Getting started with OCaml

Samuel Mimram

We recall here some basic constructions about OCaml. Some good and more detailed references are

1 The editor

In order to edit OCaml files, you are strongly advised to use Emacs or Atom, which is more modern-looking but has less good support for OCaml. There are other editors for OCaml, but you will have to those anyway for Agda.

1.1 Emacs

You can start Emacs by typing emacs& and then go to the menu “File” > “Visit New File” in order to open a new file. Some useful shortcurts are following. C-x means the “control” and the “x” key at the same time, and M-x means “alt” and “x”. The standard shortcuts are

Shortcut Effect
C-x C-s save file
M-w copy
C-w cut
C-y paste
C-s find

and shortcuts specific to OCaml:

Shortcut Effect
C-e evaluate current function
C-c C-b evaluate the whole file
C-c C-t give the type of the term under the cursor

1.2 Atom

If you want a more modern-looking editor, with kind of standard shortcuts, you can use Atom. Apart from the standard shortcuts

Shortcut Effect
C-s save file
C-c copy
C-x cut
C-v paste
C-f find

the shortcuts specific to OCaml are

Shortcut Effect
C-y C-o launch and interactive session
C-y C-f evaluate the whole file

If you are working on your computer you should do the following to add support for OCaml (on TD rooms, this is taken care of for you). Go to the menu Edit > Preferences > Install, type “ocaml”, and install

1.3 Installing libraries

In order to install OCaml libraries on your own computer you should use opam. You only have to do the following if you are working on your own computer. Initialize it by typing, in a console,

opam init -y --disable-sandboxing

(this can take a few minutes, but has to be done only once). Then you are advised to install basic support for OCaml:

opam install -y tuareg merlin user-setup
opam user-setup install

2 Functional OCaml

2.1 Values

Declaring values:

let x = 2 * 3

Local declarations:

let x =
  let y = 2 + 2 in
  y * y

Commands:

let () =
  print_endline "Hello, world!";
  print_endline "Bye."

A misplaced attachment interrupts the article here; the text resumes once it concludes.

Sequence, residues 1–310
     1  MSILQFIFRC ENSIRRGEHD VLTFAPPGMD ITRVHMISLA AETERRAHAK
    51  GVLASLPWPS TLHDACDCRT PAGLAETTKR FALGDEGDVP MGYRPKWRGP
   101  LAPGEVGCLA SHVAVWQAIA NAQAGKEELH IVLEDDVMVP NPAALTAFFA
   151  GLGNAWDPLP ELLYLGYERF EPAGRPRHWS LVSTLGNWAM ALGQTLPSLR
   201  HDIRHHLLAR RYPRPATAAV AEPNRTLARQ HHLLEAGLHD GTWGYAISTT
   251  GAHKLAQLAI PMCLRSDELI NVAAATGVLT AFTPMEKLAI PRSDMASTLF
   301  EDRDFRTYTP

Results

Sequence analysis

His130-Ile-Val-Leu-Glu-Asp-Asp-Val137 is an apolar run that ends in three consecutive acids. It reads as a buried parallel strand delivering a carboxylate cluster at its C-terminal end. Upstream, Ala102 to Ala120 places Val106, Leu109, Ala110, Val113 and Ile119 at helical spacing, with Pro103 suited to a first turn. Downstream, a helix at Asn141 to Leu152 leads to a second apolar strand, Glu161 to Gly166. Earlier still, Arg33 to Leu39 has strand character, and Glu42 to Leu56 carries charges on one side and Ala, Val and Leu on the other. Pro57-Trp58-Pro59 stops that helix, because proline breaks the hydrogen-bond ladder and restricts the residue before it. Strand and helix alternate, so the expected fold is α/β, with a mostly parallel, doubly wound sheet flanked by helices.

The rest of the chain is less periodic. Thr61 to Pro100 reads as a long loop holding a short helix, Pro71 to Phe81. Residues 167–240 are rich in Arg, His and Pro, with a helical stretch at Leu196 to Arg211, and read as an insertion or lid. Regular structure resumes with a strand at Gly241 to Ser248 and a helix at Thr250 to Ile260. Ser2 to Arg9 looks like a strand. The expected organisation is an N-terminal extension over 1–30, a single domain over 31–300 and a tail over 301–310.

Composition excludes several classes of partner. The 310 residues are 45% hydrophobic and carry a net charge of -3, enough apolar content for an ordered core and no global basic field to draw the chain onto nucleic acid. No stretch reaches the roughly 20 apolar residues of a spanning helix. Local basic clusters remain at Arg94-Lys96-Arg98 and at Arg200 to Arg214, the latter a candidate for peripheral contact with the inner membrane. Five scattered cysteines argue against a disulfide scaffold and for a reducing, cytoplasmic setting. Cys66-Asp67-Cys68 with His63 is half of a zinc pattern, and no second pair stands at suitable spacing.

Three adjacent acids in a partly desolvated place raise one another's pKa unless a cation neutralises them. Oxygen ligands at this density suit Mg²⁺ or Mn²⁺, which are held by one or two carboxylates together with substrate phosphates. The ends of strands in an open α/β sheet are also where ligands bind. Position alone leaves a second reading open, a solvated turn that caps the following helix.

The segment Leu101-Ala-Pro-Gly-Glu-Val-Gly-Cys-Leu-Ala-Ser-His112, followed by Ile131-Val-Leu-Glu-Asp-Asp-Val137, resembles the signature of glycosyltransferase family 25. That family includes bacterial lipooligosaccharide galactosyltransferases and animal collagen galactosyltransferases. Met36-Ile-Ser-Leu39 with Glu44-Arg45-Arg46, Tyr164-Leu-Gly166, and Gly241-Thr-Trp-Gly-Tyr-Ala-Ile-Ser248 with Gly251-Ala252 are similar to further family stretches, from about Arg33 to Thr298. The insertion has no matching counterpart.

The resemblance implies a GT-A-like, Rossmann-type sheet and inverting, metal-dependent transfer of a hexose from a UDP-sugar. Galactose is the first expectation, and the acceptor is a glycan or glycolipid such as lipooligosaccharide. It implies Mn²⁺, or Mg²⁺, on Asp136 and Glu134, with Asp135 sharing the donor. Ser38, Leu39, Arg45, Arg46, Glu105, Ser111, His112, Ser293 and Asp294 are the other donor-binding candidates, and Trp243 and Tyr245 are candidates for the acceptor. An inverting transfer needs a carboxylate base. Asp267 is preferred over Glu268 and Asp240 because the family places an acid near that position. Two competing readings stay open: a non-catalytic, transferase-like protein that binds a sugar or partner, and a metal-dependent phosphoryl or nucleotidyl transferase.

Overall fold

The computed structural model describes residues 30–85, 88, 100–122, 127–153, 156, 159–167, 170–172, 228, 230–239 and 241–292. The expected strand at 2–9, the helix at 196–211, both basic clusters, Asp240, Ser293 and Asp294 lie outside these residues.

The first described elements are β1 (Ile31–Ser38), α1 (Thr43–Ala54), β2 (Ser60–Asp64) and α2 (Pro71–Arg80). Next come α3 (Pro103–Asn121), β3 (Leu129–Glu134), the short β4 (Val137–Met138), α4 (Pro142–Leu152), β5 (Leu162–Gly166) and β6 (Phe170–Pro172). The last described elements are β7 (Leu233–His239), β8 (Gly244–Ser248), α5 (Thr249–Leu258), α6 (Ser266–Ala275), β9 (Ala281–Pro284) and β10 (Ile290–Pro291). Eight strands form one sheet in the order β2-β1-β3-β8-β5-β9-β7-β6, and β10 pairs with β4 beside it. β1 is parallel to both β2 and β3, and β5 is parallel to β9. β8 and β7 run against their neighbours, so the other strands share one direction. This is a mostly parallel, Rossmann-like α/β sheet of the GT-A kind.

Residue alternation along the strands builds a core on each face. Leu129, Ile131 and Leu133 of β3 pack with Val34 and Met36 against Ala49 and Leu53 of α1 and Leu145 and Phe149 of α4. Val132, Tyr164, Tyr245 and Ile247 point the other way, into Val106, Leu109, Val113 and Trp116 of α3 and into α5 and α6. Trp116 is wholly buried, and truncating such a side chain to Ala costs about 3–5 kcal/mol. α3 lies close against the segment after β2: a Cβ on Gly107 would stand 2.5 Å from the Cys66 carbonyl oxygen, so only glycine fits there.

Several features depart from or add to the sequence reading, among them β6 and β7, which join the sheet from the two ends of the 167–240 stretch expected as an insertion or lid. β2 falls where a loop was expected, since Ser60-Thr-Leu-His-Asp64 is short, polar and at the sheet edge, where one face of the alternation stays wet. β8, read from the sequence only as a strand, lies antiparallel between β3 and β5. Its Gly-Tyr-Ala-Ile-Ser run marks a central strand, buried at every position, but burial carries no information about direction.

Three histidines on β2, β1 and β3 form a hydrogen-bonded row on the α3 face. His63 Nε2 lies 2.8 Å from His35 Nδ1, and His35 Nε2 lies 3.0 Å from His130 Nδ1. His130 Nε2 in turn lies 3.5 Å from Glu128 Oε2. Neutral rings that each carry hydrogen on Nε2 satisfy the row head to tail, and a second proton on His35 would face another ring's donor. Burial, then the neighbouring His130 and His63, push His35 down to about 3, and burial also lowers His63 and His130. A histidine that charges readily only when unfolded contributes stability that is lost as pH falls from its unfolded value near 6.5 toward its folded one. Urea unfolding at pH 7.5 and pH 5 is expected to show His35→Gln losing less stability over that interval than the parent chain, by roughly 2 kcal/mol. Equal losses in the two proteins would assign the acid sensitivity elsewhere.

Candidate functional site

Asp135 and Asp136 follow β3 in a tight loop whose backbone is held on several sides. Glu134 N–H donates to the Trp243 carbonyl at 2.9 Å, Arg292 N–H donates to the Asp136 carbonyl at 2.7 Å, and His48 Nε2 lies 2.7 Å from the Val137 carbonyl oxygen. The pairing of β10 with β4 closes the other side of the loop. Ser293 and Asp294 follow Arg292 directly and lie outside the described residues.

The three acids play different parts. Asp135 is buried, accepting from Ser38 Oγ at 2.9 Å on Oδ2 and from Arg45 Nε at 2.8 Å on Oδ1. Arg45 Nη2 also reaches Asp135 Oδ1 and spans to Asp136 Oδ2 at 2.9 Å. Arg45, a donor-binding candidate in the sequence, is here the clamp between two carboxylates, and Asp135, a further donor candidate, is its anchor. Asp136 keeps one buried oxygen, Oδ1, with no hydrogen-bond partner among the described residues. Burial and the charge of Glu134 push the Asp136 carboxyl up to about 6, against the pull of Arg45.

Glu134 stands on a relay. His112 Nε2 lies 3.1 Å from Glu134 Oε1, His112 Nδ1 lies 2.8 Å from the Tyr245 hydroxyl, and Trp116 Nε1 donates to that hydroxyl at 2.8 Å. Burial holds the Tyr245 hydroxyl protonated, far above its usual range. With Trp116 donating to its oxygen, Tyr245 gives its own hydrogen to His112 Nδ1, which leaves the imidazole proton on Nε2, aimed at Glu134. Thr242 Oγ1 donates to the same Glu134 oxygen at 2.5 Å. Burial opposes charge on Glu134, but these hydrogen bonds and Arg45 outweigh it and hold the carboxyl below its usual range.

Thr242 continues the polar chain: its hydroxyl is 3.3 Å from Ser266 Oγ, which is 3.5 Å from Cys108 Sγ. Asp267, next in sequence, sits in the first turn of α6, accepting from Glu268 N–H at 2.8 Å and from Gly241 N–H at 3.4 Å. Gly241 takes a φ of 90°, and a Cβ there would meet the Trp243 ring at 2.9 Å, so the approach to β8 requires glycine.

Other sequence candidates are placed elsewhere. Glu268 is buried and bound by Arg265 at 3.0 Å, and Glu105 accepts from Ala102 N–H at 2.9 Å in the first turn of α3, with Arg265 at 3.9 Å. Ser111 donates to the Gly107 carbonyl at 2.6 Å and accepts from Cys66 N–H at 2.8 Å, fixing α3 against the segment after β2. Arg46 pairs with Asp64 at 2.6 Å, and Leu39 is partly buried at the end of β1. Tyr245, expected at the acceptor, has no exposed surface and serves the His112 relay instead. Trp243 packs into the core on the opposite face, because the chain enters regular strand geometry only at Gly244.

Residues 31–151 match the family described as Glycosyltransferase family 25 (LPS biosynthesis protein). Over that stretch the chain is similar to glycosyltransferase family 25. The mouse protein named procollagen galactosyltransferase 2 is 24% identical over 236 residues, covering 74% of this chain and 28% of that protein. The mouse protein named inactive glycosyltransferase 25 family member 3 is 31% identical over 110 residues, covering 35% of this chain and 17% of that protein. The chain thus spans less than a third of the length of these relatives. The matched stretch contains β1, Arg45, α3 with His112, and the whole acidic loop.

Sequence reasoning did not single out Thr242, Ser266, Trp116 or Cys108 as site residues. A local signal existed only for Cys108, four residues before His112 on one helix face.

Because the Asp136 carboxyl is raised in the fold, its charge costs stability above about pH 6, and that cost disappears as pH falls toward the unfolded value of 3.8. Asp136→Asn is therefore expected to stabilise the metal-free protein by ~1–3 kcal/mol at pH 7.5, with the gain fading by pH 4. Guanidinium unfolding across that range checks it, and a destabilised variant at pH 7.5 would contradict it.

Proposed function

2.2 Functions

Defining functions:

let f x = 2 * x

With multiple arguments:

let f b x y =
  if b then x else y

With a unit argument:

let f () =
  print_endline
    ("Time since the beginning of execution: "
     ^ string_of_float (Sys.time ()) ^ " seconds")

Recursive:

let rec fact n =
  if n = 0 then 1 else n * (fact (n-1))

Mutually recursive:

let rec even n =
  if n = 0 then true
  else odd (n-1)

and odd n =
  if n = 0 then false
  else even (n-1)

Unnamed functions:

let twice f =
  (fun f x -> f (f x)) f

2.3 Control

Conditional branching:

let () =
  print_endline (if Random.bool () then "true" else "false")

While loops:

let syracuse n =
  let r = ref n in
  while !r <> 1 do
    if !r mod 2 = 0 then r := !r / 2
    else r := 3 * !r + 1
  done

The usual boolean operations are

Equality =
Inequality <>
Conjunction &&
Disjunction ||
Negation not

You should never use == or != to compare things.

2.4 Pairs

A pair can be created with

(3, "hello")

A function taking a pair as argument

let fst (x, y) = x

2.5 Lists

The empty list

[]

A non-empty list

[1; 2; 3]

Appending an element:

let one_more l = 1::l

Length of a list:

let rec length =
  match l with
  | [] -> 0
  | x::l -> 1 + (length l)

See the documentation of the List module for (much) more.

2.6 Recursive types

Binary trees can be defined by

type 'a tree =
  | Node of 'a tree * 'a tree
  | Leaf of 'a

The maximal depth of a leaf is

let rec depth t =
  match t with
  | Node (t, u) -> max (depth t) (depth u)
  | Leaf _ -> 0

3 Imperative features

3.1 Printing

let () =
  print_endline "hello!"

3.2 References

let () =
  let r = ref 0 in
  while !r < 10 do
    print_int !r;
    r := !r + 1;
    print_endline ""
  done

The counter:

let count =
  let r = ref 0 in
  fun () ->
    r := !r + 1;
    !r

3.3 Exceptions

An exception can be defined with:

exception My_exception

It can be raised by

let f () =
  raise My_exception

It can be catched with

let test () =
  try
    f ();
    print_endline "not raised"
  with
  | My_exception -> "raised"

You can add tests in your code with

let () =
  assert (fact 5 = 120)

A failed test will raise

Assert_failure (...)

4 Typing

Some types:

# let x = 5;;
val x : int = 5
# let s = "hello";;
val s : string = "hello"
# let double x = 2 * x;;
val double : int -> int = <fun>
# let f () =
  print_endline "hello";;
val f : unit -> unit = <fun>
# let f x =
  print_endline ("The argument is " ^ string_of_int x);;
val f : int -> unit = <fun>
# let app f x = f x;;
val app : ('a -> 'b) -> 'a -> 'b = <fun>
# let fst (x, y) = x;;
val fst : 'a * 'b -> 'a = <fun>
# let rec map f l =
  match l with
  | [] -> []
  | x::l -> (f x)::(map f l);;
val map : ('a -> 'b) -> 'a list -> 'b list = <fun>

5 Compiling

An OCaml file prog.ml can be compiled with

ocamlopt prog.ml -o prog

and the resulting program can be executed with

./prog